Wright-Phillips blasts ‘Henry Question’ as disrespectful

By | March 4, 2015


This article first appeared in Prost Amerika

If media attention is of any indication, the pressure will be on Bradley Wright-Phillips to reproduce last season’s form, which saw the London-born striker net a league-leading 29 goals.

Swarmed by journalists at the Red Bulls 2015 Media Day, which was held at the Webster Hall concert venue in downtown Manhattan, Wright-Phillips was quick to dispel the notion that he is obsessed with achieving a similar tally. “I don’t go out thinking I’m going to get thirty-one goals in a season. I go out and try to work hard, and try to get on the end of chances.”

Wright-Phillips, who appeared ill-at-ease throughout the event, and readily admitted to being “out of his comfort zone,” also added that his success would be the result of teamwork, stating that if he scored as many goals as last season, it would “be down to the team,” because “it’s [not] about one player.”

The there’s no I in team theme continued – albeit a little more sourly – as Wright-Phillips answered questions about his dependence on Thierry Henry’s assists. “Will I score without Henry?” he shot back at a reporter after being asked if he was concerned about not having the Frenchman around anymore. “I feel that’s a little disrespectful to the team.”

Disrespectful or not, there are some of the opinion that life will be a little harder for the striker without Henry, even though Sacha Kljestan has been brought in from Belgian club, Anderlecht, to mitigate the former totemic captain’s departure.

Ensuring that Wright-Phillip’s form doesn’t take a dip will certainly be one of Jesse Marsch’s main priorities. According to the Englishman, the coach has been “brilliant” so far, bringing with him a work ethic that “the boys have benefitted from,” and that all the players were working harder than they did last season.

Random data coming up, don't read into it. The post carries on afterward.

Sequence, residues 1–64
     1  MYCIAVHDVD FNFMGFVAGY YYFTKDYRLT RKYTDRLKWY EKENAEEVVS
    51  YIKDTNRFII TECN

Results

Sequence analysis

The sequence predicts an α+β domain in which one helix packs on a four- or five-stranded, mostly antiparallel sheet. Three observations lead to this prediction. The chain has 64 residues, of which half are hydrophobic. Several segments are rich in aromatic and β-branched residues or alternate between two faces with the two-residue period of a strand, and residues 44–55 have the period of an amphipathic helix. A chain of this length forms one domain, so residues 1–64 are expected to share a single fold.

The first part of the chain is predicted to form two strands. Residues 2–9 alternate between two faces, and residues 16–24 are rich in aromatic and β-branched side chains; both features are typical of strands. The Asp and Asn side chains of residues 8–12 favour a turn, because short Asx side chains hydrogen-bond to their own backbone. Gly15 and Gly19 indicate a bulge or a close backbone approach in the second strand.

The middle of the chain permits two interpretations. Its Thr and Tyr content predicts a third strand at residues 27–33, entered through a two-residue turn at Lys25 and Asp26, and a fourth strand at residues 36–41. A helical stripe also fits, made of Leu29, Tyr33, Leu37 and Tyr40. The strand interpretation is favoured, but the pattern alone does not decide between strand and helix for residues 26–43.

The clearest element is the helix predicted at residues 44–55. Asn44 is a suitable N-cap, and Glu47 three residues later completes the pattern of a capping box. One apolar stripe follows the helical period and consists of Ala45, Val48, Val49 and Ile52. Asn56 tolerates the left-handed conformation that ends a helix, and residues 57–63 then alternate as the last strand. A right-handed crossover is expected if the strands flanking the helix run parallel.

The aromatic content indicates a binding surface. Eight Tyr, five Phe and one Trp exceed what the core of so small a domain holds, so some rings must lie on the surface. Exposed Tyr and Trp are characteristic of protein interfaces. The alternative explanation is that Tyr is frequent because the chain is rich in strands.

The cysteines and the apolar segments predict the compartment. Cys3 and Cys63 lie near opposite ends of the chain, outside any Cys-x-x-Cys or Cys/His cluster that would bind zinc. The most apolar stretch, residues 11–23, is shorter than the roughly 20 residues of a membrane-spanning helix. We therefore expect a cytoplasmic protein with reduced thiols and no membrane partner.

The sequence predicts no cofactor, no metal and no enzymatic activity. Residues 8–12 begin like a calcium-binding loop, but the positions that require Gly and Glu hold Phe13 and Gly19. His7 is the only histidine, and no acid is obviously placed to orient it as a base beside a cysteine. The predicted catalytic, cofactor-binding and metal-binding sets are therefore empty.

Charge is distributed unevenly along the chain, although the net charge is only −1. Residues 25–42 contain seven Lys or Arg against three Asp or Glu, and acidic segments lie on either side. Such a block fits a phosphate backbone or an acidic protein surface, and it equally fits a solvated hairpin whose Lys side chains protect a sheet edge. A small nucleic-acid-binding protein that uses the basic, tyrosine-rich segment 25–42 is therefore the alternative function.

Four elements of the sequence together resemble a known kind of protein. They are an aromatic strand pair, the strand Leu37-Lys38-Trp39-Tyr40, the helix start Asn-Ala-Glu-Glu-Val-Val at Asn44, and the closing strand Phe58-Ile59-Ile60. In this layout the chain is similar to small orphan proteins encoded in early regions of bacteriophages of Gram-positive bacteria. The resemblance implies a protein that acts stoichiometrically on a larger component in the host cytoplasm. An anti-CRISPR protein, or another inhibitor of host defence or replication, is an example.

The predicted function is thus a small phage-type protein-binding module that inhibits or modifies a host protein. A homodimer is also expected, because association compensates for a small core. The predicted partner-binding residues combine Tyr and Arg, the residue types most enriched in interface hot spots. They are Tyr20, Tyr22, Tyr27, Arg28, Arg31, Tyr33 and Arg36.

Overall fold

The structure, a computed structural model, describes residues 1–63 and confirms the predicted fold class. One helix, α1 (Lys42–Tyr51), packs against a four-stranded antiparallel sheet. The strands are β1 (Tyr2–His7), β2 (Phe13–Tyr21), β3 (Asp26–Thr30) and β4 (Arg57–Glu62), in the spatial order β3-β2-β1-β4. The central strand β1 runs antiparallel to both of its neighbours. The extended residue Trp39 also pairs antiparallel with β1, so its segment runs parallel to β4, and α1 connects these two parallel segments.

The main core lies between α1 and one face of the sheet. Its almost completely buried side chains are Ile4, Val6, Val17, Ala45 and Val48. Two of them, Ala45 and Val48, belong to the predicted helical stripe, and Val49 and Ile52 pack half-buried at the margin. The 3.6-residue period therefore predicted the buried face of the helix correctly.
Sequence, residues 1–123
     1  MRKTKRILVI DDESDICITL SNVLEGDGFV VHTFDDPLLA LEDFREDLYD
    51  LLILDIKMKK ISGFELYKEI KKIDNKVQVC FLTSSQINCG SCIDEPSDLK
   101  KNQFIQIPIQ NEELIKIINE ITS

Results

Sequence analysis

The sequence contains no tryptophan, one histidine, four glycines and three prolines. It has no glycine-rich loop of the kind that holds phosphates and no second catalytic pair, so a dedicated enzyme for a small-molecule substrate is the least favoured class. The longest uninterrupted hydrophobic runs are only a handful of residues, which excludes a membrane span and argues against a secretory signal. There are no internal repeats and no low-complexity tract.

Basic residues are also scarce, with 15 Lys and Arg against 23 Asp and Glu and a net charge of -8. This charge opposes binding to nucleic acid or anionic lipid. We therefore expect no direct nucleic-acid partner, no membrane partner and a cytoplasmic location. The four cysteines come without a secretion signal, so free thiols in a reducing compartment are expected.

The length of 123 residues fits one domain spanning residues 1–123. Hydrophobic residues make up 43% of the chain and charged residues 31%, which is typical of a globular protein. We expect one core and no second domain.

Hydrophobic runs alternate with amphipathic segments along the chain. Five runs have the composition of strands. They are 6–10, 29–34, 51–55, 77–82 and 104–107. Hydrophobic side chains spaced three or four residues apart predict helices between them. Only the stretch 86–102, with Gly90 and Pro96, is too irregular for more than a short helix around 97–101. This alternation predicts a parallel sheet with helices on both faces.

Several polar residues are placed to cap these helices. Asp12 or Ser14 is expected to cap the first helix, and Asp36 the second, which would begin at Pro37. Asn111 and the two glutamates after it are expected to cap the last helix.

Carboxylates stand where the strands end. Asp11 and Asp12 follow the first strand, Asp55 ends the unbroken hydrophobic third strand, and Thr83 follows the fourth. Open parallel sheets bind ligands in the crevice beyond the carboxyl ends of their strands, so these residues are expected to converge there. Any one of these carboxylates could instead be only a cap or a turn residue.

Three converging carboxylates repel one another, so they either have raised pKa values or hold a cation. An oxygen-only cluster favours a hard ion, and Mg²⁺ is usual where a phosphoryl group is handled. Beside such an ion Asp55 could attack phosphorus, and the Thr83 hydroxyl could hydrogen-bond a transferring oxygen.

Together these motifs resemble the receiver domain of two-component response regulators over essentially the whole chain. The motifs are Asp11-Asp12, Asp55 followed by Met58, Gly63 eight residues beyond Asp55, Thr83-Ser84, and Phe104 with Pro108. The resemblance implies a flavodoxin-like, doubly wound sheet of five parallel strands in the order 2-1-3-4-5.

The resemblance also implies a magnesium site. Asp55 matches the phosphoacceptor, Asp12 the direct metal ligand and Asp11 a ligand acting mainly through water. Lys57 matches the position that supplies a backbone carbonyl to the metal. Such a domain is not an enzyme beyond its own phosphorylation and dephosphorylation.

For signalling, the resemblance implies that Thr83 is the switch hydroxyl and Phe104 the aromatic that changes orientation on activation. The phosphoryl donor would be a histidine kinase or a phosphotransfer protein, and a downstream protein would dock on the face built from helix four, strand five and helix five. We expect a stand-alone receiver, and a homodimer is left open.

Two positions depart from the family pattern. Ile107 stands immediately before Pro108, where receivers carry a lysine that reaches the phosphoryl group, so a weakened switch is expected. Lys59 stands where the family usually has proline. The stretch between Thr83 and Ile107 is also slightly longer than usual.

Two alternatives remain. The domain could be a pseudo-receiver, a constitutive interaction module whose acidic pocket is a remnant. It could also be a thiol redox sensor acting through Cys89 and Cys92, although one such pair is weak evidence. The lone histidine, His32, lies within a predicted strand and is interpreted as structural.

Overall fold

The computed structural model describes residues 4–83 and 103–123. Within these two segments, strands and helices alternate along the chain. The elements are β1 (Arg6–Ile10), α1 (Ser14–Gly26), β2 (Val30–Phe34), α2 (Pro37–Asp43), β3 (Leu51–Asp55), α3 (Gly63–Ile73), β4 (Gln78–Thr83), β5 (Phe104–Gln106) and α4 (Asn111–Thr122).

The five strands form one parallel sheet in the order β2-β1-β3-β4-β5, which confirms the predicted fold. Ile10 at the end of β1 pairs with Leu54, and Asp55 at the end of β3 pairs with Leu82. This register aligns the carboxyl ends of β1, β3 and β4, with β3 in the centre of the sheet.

When I asked Wright-Phillips whether he’d had to make any adjustments to his game in order to adapt to Marsch’s tactics, he claimed that he “didn’t see anything there to affect [his] game.” A good sign for any fan expecting to see the Londoner deliver on his new designated player status.

Naturally, with a threat of player strike looming, Wright-Phillips was asked about the protracted negotiations between the MLSPU and the league. Like his teammates, he held his cards close to the chest, but admitted that he didn’t know much about the negotiations. Nevertheless, he did confirm that Dax McCarty and Luis Robles, the team’s union representatives, kept the players abreast of any developments.

As far as the rivalry with New York City Football Club is concerned, Wright-Phillips was enthusiastic about the significance of a local derby. “It can only make the [league] better. Every league in the world has a derby, a rivalry.

For the striker the derby will not only be about three points. “It will be for bragging rights. On a personal note, I love it. I can’t wait to play in that derby. You have to be at that game – the first one especially.”